From "The Twentieth Century Dog (Non-Sporting) - Compiled From The Contributions Of Over Five Hundred Experts", Volume 1, Herbert Compton (1904):
"Miss E. Goodall's Ideal Newfoundland"
Royal in mien, gentle in manners, docile yet full of dignity, true as steel and faithful unto death, my ideal Newfoundland dog looks as noble as the work for which he was born - the work of rescue.
When the Creator endowed him with that sublime instinct which leads him without training or direction, but out of his own consciousness, to save life at sea or in perilous waters, He bestowed on the dog an attribute that makes it not merely the king of dogs, but first in the animal kingdom. Not only to save his master is his understood duty, - there are many gallant hounds who are competent to understand that call upon their intelligence - but to succour the stranger in danger, and to carry from the shore, through surf and breakers and angry waves, assistance to wrecked vessels, labouring at the self-imposed task with a reasoning power and indomitable courage and perserverance that is not to be equalled in the annals of dumb creation.
Truly and emphatically a Member of the Royal Humane Society, and worthy to be ranked with the lifeboatsman of our coasts, and the heroes of our Fire Brigades. My ideal Newfoundland must be great in body as well as soul, with a grand and massive head; broad benevolent brow; small, dark, very intelligent eyes, ordinarily soft with affection but capable of flaming with anger on occasion; small ears hanging close to his head; deep muzzle, not too long; and the whole head and face covered with short hair that feels like velvet to the touch. His neck is rather long and very muscular; his body proportionate and compact, with well-sprung ribs, and clothed with a dense, flat, water-resisting coat of a deep, rich black colour, long in the neck, where it almost assumes the proportions of a mane; plenty of feather on the tail and fore legs, which must be straight and strong with ample bone, for with these he chiefly battles with the waves, and wins his way. His hind legs are not quite so powerful, and less feathered.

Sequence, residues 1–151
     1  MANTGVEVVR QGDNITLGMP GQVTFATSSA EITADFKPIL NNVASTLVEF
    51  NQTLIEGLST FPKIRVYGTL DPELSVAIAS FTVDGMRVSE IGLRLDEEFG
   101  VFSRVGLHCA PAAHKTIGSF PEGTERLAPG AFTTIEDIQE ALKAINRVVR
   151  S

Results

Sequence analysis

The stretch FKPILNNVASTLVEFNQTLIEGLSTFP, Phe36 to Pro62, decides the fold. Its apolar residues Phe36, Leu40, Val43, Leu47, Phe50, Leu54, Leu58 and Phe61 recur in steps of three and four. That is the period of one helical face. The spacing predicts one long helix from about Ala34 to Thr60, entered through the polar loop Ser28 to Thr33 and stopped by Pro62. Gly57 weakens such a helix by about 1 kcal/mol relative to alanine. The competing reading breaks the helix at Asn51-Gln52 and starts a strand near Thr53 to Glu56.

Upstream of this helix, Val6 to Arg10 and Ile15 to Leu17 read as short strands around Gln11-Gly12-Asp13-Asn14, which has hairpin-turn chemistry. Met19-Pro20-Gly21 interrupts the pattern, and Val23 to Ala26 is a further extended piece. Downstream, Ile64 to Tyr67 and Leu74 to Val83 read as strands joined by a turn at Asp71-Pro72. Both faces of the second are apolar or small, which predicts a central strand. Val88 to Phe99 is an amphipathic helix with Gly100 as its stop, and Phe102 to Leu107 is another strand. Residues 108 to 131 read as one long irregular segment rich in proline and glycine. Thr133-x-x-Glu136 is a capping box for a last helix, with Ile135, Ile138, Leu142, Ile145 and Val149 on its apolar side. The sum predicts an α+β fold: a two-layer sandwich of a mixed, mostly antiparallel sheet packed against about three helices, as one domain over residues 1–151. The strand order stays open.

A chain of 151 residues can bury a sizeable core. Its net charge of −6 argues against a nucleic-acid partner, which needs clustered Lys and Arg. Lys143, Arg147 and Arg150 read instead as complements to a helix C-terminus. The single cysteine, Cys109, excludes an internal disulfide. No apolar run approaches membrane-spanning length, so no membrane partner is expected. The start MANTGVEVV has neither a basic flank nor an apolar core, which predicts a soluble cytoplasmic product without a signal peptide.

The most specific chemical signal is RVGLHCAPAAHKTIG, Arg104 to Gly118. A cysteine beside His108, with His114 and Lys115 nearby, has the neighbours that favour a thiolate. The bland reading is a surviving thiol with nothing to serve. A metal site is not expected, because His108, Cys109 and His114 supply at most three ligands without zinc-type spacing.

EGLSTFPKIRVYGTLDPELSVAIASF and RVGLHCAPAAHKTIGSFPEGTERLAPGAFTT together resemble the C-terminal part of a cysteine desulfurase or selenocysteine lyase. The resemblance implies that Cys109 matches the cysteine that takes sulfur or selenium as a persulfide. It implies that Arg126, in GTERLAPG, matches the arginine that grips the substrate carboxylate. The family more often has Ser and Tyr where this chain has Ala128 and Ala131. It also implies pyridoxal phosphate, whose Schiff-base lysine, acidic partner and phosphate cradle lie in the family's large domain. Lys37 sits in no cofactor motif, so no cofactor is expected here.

He must be a low-built dog, for anything like legginess would detract from his appearance - that grand, solid, reassuring bulk suitable for a life in the sea. No water animal in the world is long-legged, least of all should the Newfoundland be so. His gait is that of a bear, without the clumsiness; that is to say, he advances the front and hind legs of the same side simultaneously. It is a sea-dog's walk, but he is active withal, as you shall find our British sailors when there is work to do on land with a naval brigade. And let him but glimpse the sea, and you can realise the spirit that is in him, as his exuberant delight carries him with a rush to his favourite element.